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Mobile van to record Forsyth residents’ stories

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Todd Cohen

The ECHO Council, a group formed in 2003 to build “social capital,” or civic connectedness, has launched an initiative to collect and share life stories from people who live and work in Forsyth County.

Modeled loosely on StoryCorps, an oral-history project whose stories air on National Public Radio, the local StoryLine project will record individuals’ stories in a mobile van outfitted with digital-recording equipment.

The 40-minute interviews will be archived at the Forsyth County Library and edited versions of three to four minutes will be available at storylineproject.org and be aired once a week on WFDD, the public-radio station at Wake Forest University; WSJS-AM; WSNC, the public-radio station at Winston-Salem State University; and on four Spanish-language stations operated by Que Pasa.

“If we can have people understand all the different kinds of people who live here by listening to their stories, we will start to feel connected to each other, we will start to understand that we may be more alike than we realized, and that we share a common humanity,” says Gail Fisher, volunteer director of the project.

Fisher, a retired marketing executive and consultant, has served on the ECHO Council since it was formed in 2003 to build social capital in the community.

Initially funded by the Winston-Salem Foundation, which continues to provide support, the ECHO Council grew out of a national study that looked at social capital in three-dozen communities in the U.S., including Winston-Salem.

That study, led by Robert Putnam of Harvard University, found local residents do a great job volunteering and giving to charity but are divided by race and class.

After several initiatives that focused on leadership and community outreach, the ECHO Council in 2006 formed a marketing committee to find ways to “market social capital to the larger community,” says Fisher, who chaired the committee and now chairs its successor group, the StoryLine steering committee.

Working with a two-year budget of $100,000 to $120,000 and a former bookmobile donated by a Mocksville resident who had been operating it as an ice-cream truck, the committee purchased digital-recording gear.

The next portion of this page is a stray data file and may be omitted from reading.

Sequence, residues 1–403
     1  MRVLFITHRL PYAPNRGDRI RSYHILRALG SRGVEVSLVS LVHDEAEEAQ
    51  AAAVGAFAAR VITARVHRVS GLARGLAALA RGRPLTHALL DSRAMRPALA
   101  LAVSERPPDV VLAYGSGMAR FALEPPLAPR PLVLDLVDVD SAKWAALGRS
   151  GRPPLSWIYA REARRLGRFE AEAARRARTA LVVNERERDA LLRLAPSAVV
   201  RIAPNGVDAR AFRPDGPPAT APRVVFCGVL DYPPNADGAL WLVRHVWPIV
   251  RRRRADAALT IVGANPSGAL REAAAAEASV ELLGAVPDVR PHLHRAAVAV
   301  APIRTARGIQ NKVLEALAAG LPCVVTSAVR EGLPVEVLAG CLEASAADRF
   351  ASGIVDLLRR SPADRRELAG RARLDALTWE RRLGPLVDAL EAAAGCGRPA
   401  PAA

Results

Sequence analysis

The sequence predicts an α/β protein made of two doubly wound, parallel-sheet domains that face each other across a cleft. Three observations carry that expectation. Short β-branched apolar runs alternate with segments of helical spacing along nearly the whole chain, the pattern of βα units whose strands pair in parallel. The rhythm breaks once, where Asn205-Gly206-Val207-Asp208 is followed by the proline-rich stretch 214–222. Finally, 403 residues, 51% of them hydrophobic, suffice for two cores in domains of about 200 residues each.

Specialty Vehicles Company in Pfafftown donated labor to transform the van into a recording studio, while the design staff at Winston-Salem architecture firm CJMW donated their time to develop an interior-design plan for the vehicle.

And communications firm M Creative developed a graphic brand-identity the StoryLine project is using on its van, website, brochures and compact discs it will give to each storyteller containing their story.

Working with civic groups, religious congregations and other organizations, the van will travel throughout the county to collect stories, making a special effort to find “voices that haven’t been heard,” particularly those of African-American and Hispanic residents, Fisher says.

Working with a volunteer facilitator who will ask questions, pairs of people will record their stories, which then will be edited at Spot Recording Studio.

StoryLine will translate into Spanish or English, respectively, stories recorded in the other language.

All the stories, and others already recorded, will be available on the StoryLine project website.

The local radio stations will air the edited stories, and each station will run the stories in a scheduled time slot each week.

Scott Wierman, president of the Winston-Salem Foundation, says the StoryLine project will “let people know everybody has something to contribute and everybody’s story has value in building a community.”

Fisher says the goal is to “show this community the rich diversity of voices within the community.”

Stories, she says, “have the power to connect people to each other.”

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